Scientists have detected a sudden and dramatic slowdown in the rotation of Earth's sister planet Venus.
Data from the European Space Agency's Venus Express orbiter indicates the cloud covered world is now taking 6½ minutes longer to complete a full rotation than it did 16 years ago when NASA's Magellan orbiter measured its spin rate.
Venus Express uses a powerful infrared detector to penetrate the planet's dense shrouded atmosphere.
It found surface features were up to 20 kilometres from where they should be, based on the rotational data collected through surface radar mapping by both the United States Magellan and Soviet Union Venera probes.
The European Space Agency says the Venus Express data also agrees with the most recent long-duration radar measurements from Earth.
Sue Smrekar, principle research scientist with NASA's Jet Propulsion Laboratory in Pasadena, California said the data came as a surprise.
"At first I was a bit sceptical," Smrekar said. "I thought the 100-kilometre resolution of surface data might not be adequate, considering they were talking about differences of 20 kilometres. But after looking at the data I was convinced the result is correct. It means something has slowed the rotation of the planet and we don't really know what that is."
Over its four-year mission, Magellan was able to watch surface features rotate under the spacecraft, allowing scientists to determine the length of the day on Venus as being equal to 243.0185 Earth days. Venus takes 224.7 Earth days to orbit the Sun, making a day on Venus longer than its year.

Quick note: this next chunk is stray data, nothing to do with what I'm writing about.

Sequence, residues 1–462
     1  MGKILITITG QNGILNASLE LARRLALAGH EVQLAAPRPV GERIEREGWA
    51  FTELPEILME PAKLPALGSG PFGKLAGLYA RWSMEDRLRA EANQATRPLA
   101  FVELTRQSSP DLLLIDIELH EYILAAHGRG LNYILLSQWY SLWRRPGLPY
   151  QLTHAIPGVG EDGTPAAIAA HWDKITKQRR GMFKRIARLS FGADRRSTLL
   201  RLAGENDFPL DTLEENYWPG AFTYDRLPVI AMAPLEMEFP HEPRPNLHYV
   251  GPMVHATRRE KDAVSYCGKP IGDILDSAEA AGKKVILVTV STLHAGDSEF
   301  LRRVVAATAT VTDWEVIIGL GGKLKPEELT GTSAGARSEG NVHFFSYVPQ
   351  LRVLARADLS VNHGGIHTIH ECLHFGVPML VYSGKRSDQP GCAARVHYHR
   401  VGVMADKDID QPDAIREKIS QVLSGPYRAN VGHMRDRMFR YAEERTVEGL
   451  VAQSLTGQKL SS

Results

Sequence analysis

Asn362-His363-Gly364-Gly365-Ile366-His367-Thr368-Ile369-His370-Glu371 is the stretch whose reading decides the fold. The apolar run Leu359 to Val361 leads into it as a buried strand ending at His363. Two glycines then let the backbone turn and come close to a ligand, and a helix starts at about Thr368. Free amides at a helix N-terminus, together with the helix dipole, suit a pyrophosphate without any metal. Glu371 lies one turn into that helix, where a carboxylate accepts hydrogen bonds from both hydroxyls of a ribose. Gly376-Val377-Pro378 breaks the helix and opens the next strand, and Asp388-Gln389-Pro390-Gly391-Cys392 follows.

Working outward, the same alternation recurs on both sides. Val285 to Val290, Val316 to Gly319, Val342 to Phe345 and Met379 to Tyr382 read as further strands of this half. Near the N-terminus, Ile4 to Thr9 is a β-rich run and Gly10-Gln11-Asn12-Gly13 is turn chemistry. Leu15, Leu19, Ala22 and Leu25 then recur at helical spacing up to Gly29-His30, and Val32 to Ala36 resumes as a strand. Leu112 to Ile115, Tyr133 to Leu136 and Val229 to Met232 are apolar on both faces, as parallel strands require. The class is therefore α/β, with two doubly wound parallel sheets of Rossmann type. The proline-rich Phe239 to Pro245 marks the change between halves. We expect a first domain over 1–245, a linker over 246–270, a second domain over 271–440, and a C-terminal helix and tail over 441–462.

But measurements taken from the Venus Express data by Nils Muller of DLR German Aerospace Centre and colleagues found the planet's rotation now takes 243.023 Earth days. Their finding appears in the latest edition of the planetary science journal Icarus.
Internal and external forces
The detailed orbital measurements taken by Venus Express are being used to determine whether Venus has a solid or liquid core, which will help in understanding the planet's creation and evolution.
If Venus has a solid core, scientists believe its mass must be more concentrated towards the centre and the planet's rotation would react less to external forces.
The length of an Earth day can change by roughly a millisecond over the course of a year, depending on winds, temperatures and tides.
Smrekar says a similar thing might be happening on Venus which has a dense atmosphere, with more than 90 times the pressure at sea level on Earth.
"This generates high-speed weather systems on Venus, which are likely to be the primary candidate changing the planet's rotation rate through friction with the surface," says Smrekar.
A team led by Özgur Karatekin of the Royal Observatory of Belgium examined the possibility of short-term random variations in the length of a Venus day, but concluded these should average themselves out over longer timescales.
Atmospheric models have shown Venus could have weather cycles stretching over decades, which could lead to equally long-term changes in the rotational period.
"There are other effects outside the planet itself, including interaction between Venus and other planets that could be playing a role," said Smrekar.
"The closest planets Earth and Mars would have a small pull on the rotation of Venus. But people will have to run the calculations and try to understand if over the course of the last 20 to 30 years, those interactions could have had a sufficient effect to account for this difference."